It was supposed to be the feature that makes HTC outshine Samsung Electronics and Apple. Instead, the complications of producing a camera with what the company calls UltraPixels has forced HTC to delay the roll-out of its HTC One smartphone.
The UltraPixel Camera is so new, so special, so unique, that it's so, so, so difficult to make, HTC Chief Marketing Officer Benjamin Ho told reporters in Taipei yesterday. "It can't ramp up so quickly," he said of the camera sensor specially designed and produced for the Taiwanese company.
Well, it could — but then there'd be a trade-off on quality, he continued, taking a gentle dig at Apple's problems with some pre-scratched iPhone 5 units.
The HTC One, unveiled in February, was originally supposed to begin shipping in early March. Now, it's set to arrive on shelves this week in just three markets, the U.K., Germany and Taiwan, before hitting the big time across Europe, North America and the Asia-Pacific next month. As recently as a week ago, HTC execs were holding onto the tale that because they were working with suppliers to boost output, the product would launch on time this month.
The cornerstone of the device is this UltraPixel Camera, which HTC says has larger pixels and an aperture that lets in 44 percent more light than the iPhone 5. That means it'll take better pictures in low-light conditions.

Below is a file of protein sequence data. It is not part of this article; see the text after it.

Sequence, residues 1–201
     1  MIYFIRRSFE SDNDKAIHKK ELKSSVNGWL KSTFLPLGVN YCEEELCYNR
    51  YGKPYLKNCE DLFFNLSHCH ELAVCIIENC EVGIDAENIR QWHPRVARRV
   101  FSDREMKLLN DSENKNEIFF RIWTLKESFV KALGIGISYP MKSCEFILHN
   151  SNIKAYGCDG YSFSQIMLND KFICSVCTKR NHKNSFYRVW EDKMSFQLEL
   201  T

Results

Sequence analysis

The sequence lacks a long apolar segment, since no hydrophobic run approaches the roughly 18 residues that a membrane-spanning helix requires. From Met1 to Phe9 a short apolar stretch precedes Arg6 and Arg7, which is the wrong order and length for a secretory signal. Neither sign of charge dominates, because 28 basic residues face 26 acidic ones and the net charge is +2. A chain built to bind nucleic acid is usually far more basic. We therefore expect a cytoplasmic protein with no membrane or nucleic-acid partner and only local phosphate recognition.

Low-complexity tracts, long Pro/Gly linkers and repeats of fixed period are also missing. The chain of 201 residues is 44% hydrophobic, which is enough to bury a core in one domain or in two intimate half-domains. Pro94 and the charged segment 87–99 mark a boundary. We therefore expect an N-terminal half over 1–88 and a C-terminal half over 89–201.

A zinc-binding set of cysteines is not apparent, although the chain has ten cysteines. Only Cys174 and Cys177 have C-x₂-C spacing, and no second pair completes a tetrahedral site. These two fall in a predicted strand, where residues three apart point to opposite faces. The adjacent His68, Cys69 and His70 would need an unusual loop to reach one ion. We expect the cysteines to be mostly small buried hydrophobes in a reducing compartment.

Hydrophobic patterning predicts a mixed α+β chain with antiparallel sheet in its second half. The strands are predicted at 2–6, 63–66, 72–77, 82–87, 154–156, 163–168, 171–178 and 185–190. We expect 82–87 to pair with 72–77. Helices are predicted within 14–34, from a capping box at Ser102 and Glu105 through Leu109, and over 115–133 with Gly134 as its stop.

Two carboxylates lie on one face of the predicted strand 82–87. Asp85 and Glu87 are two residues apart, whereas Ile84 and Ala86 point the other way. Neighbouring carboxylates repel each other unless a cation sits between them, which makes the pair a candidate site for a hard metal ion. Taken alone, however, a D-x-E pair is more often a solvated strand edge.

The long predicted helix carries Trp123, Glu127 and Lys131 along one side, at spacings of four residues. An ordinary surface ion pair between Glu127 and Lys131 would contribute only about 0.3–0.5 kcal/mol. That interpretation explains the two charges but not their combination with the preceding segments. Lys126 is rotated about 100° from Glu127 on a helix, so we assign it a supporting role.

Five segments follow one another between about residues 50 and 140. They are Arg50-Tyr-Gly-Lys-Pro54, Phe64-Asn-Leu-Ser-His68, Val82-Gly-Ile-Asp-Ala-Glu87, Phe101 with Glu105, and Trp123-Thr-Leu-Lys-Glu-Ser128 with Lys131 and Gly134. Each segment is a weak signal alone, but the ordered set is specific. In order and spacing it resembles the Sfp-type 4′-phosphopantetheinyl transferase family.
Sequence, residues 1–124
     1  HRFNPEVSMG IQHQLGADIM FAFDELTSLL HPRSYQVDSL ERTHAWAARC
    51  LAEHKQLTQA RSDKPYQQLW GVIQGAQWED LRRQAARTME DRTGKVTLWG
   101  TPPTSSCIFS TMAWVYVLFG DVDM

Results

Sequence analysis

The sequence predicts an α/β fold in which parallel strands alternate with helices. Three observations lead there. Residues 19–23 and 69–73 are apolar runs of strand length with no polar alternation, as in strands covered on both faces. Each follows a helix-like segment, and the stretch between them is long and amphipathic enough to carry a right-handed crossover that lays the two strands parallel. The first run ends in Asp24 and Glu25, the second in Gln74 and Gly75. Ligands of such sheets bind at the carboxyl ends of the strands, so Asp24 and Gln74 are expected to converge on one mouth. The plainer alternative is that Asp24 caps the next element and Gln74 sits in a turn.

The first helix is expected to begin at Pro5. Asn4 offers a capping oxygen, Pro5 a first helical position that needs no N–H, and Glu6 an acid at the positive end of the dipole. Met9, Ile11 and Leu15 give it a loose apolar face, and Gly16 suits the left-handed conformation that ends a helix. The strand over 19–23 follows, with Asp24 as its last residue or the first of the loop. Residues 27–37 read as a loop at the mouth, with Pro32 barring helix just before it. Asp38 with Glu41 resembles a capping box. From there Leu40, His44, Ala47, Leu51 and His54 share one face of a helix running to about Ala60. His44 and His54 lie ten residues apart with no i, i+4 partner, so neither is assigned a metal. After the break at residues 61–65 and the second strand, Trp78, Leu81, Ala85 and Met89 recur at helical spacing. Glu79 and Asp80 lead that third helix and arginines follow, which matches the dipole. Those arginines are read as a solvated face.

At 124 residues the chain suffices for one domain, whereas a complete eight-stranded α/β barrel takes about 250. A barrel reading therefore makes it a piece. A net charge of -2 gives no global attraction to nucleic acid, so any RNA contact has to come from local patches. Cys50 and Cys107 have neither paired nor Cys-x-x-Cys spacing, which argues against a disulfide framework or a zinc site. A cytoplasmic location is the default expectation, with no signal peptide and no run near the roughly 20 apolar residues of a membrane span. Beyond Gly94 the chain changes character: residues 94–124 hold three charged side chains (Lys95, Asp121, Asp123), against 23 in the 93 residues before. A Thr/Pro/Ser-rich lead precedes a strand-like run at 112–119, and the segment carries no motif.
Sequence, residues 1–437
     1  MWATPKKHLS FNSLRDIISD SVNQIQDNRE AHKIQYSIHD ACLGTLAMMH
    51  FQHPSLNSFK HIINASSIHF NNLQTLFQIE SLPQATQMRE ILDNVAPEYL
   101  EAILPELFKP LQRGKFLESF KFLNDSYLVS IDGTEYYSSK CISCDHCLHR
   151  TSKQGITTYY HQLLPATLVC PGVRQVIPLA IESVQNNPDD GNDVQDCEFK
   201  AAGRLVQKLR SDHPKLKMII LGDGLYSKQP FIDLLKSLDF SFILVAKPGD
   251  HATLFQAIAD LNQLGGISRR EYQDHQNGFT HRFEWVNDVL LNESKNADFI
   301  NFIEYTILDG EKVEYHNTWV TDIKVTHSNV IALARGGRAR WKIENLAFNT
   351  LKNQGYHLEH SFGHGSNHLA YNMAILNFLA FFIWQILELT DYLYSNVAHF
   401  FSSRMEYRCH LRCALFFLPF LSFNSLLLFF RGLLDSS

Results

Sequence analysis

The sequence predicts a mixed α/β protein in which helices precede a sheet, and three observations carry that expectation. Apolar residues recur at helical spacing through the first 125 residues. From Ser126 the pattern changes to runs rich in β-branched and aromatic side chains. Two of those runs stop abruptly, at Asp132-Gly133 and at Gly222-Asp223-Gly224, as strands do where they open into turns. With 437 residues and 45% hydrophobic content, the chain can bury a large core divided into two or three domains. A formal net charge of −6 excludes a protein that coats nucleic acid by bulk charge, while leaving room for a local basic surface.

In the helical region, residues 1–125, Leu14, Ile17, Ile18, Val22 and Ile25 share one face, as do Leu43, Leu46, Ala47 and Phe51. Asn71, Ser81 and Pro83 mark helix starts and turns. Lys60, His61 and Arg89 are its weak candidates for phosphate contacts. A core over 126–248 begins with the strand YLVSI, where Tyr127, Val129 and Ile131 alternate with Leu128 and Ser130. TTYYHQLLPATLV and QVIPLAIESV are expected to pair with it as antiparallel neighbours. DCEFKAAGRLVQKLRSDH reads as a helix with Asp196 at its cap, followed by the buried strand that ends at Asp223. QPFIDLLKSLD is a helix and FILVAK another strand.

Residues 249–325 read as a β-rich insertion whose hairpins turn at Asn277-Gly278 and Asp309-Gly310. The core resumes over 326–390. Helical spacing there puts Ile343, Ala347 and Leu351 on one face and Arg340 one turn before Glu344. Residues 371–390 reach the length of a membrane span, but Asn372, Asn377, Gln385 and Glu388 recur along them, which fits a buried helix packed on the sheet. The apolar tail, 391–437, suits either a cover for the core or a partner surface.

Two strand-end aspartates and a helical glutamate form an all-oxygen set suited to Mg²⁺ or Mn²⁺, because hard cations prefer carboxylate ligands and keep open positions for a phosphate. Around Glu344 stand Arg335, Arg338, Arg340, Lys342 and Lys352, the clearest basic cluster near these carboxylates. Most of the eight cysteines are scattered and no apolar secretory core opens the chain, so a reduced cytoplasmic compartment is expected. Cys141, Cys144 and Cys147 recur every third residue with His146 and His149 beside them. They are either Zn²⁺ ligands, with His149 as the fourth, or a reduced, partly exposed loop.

Unfortunately for HTC, producing such a sensor can be ultra difficult.
For Ho, who is tasked with rebuilding a battered brand, the choice to delay was the lesser of two evils: start shipping and risk having some faulty units tarnish the product's reputation; or delay shipments and face a possible miss on quarterly guidance, a likely decline in credibility, and an assured loss of lead time over Samsung's Galaxy S4.
Of course, that may not have been the marketing exec's choice to make, though he speaks as if it was. After all, Ho has only been in the job for less than three months.
Ho's confession that the HTC One will be delayed was coupled with another admission: that it can't afford to waste its marketing budget on a less-than-perfect device and risk complaints from customers. Last quarter, HTC fell within a whisker of recording its first operating loss ever. That's forcing HTC to keep a tight rein on spending in the face of huge marketing campaigns by Samsung and Apple.
Ho, with few guns in his arsenal, is keeping his powder dry until the time comes to launch an assault. Were it to fire up its marketing engine without a solid product to drive, HTC's operating numbers could easily fall into the red — and that would be more than a headache.